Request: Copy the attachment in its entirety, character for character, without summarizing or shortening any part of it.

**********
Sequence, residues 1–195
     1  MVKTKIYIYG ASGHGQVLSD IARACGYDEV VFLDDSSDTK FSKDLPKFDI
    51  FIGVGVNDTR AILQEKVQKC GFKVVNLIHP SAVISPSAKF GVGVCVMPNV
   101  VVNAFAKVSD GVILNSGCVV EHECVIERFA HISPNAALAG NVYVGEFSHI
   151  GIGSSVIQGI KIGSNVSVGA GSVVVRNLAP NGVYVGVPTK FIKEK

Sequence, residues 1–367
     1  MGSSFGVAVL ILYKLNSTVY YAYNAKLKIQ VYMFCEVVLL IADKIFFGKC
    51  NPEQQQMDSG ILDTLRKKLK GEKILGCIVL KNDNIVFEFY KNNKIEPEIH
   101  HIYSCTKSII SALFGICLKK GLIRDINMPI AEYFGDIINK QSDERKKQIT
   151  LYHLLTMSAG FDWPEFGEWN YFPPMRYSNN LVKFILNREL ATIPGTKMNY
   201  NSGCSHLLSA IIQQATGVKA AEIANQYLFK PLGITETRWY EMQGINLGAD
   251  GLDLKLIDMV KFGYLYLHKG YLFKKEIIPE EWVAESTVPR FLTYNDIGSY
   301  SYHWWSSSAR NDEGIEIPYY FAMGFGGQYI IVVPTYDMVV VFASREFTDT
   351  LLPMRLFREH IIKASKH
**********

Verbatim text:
Sequence, residues 1–195
     1  MVKTKIYIYG ASGHGQVLSD IARACGYDEV VFLDDSSDTK FSKDLPKFDI
    51  FIGVGVNDTR AILQEKVQKC GFKVVNLIHP SAVISPSAKF GVGVCVMPNV
   101  VVNAFAKVSD GVILNSGCVV EHECVIERFA HISPNAALAG NVYVGEFSHI
   151  GIGSSVIQGI KIGSNVSVGA GSVVVRNLAP NGVYVGVPTK FIKEK

Sequence, residues 1–367
     1  MGSSFGVAVL ILYKLNSTVY YAYNAKLKIQ VYMFCEVVLL IADKIFFGKC
    51  NPEQQQMDSG ILDTLRKKLK GEKILGCIVL KNDNIVFEFY KNNKIEPEIH
   101  HIYSCTKSII SALFGICLKK GLIRDINMPI AEYFGDIINK QSDERKKQIT
   151  LYHLLTMSAG FDWPEFGEWN YFPPMRYSNN LVKFILNREL ATIPGTKMNY
   201  NSGCSHLLSA IIQQATGVKA AEIANQYLFK PLGITETRWY EMQGINLGAD
   251  GLDLKLIDMV KFGYLYLHKG YLFKKEIIPE EWVAESTVPR FLTYNDIGSY
   301  SYHWWSSSAR NDEGIEIPYY FAMGFGGQYI IVVPTYDMVV VFASREFTDT
   351  LLPMRLFREH IIKASKH